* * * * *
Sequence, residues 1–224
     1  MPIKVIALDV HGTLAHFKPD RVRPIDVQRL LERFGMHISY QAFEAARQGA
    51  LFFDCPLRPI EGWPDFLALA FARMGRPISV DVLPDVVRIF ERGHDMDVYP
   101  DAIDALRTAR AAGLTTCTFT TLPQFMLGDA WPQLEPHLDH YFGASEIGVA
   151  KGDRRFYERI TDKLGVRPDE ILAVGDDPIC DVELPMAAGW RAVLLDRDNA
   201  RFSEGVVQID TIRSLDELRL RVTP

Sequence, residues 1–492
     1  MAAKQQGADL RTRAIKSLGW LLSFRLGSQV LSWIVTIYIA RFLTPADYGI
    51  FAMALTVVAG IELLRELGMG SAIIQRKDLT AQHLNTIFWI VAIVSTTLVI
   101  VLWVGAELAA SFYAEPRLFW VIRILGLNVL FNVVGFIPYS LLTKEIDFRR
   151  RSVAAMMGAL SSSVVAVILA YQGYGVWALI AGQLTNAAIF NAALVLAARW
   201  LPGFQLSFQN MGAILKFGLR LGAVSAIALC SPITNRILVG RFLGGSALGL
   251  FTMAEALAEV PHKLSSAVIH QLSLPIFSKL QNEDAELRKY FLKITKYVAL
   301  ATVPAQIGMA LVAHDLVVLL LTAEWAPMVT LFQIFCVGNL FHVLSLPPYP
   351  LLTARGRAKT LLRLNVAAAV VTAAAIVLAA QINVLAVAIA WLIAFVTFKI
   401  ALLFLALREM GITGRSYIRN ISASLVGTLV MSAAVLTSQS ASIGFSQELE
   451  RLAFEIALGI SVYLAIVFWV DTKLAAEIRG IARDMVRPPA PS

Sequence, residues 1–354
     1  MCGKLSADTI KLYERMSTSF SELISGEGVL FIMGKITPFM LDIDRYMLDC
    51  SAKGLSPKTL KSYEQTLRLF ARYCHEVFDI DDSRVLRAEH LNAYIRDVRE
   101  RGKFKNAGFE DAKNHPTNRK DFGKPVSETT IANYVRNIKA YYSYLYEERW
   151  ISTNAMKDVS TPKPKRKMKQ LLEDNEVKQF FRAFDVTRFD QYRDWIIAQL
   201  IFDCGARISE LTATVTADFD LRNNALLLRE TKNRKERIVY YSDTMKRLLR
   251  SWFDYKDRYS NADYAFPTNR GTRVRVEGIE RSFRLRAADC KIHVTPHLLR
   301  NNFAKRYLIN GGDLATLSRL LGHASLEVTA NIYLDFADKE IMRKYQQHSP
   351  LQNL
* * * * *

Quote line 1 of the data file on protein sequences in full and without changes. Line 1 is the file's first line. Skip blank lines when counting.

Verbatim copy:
Sequence, residues 1–224